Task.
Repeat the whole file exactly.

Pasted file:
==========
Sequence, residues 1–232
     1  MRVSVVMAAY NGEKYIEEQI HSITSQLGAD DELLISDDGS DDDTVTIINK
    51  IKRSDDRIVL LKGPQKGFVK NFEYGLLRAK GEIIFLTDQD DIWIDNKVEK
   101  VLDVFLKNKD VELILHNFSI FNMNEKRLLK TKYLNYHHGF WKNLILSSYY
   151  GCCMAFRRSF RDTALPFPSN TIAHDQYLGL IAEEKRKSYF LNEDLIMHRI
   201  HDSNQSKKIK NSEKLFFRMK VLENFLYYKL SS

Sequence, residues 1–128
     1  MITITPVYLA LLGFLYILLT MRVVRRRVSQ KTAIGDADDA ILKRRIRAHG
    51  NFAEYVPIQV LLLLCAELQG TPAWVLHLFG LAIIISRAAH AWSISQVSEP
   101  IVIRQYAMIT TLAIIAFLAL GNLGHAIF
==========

Sequence, residues 1–232
     1  MRVSVVMAAY NGEKYIEEQI HSITSQLGAD DELLISDDGS DDDTVTIINK
    51  IKRSDDRIVL LKGPQKGFVK NFEYGLLRAK GEIIFLTDQD DIWIDNKVEK
   101  VLDVFLKNKD VELILHNFSI FNMNEKRLLK TKYLNYHHGF WKNLILSSYY
   151  GCCMAFRRSF RDTALPFPSN TIAHDQYLGL IAEEKRKSYF LNEDLIMHRI
   201  HDSNQSKKIK NSEKLFFRMK VLENFLYYKL SS

Sequence, residues 1–128
     1  MITITPVYLA LLGFLYILLT MRVVRRRVSQ KTAIGDADDA ILKRRIRAHG
    51  NFAEYVPIQV LLLLCAELQG TPAWVLHLFG LAIIISRAAH AWSISQVSEP
   101  IVIRQYAMIT TLAIIAFLAL GNLGHAIF